Glucose-6-phosphate dehydrogenase (G6PD) is a key regulatory enzyme in the pentose phosphate pathway which produces nicotinamide adenine dinucleotide phosphate (NADPH) to maintain an adequate reducing environment in the cells and is especially important in red blood cells (RBC). Given its central role in the regulation of redox state, it is understandable that mutations in the gene encoding G6PD can cause deficiency of the protein activity leading to clinical manifestations such as neonatal jaundice and acute hemolytic anemia. Recently, an extensive review has been published about variants in the g6pd gene; recognizing 186 mutations. In this work, we review the state of the art in G6PD deficiency, describing 217 mutations in the g6pd gene; we also compile information about 31 new mutations, 16 that were not recognized and 15 more that have recently been reported. In order to get a better picture of the effects of new described mutations in g6pd gene, we locate the point mutations in the solved three-dimensional structure of the human G6PD protein. We found that class I mutations have the most deleterious effects on the structure and stability of the protein.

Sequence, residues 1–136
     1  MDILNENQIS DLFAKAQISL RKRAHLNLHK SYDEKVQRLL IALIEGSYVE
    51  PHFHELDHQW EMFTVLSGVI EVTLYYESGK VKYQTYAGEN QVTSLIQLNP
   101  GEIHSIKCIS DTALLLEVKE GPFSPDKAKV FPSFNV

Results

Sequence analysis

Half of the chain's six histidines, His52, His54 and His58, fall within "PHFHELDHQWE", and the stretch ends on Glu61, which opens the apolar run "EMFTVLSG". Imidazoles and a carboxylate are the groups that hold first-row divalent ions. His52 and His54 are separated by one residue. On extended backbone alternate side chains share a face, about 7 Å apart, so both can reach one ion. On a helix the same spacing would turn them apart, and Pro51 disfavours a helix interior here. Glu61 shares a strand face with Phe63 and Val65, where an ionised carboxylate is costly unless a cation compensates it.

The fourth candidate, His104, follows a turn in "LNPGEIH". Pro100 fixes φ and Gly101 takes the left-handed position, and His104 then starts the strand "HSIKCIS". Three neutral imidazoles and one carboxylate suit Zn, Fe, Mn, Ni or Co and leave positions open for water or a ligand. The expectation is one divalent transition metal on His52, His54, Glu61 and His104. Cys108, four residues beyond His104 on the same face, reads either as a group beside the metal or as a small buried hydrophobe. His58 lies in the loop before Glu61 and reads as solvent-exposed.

Glucose-6-phosphate dehydrogenase (G6PD) deficiency in humans causes severe disease, varying from mostly asymptomatic individuals to patients showing neonatal jaundice, acute hemolysis episodes or chronic nonspherocytic hemolytic anemia. In order to understand the effect of the mutations in G6PD gene function and its relation with G6PD deficiency severity, we report the construction, cloning and expression as well as the detailed kinetic and stability characterization of three purified clinical variants of G6PD that present in the Mexican population: G6PD Zacatecas (Class I), Vanua-Lava (Class II) and Viangchan (Class II). For all the G6PD mutants, we obtained low purification yield and altered kinetic parameters compared with Wild Type (WT). Our results show that the mutations, regardless of the distance from the active site where they are located, affect the catalytic properties and structural parameters and that these changes could be associated with the clinical presentation of the deficiency. Specifically, the structural characterization of the G6PD Zacatecas mutant suggests that the R257L mutation have a strong effect on the global stability of G6PD favoring an unstable active site. Using computational analysis, we offer a molecular explanation of the effects of these mutations on the active site.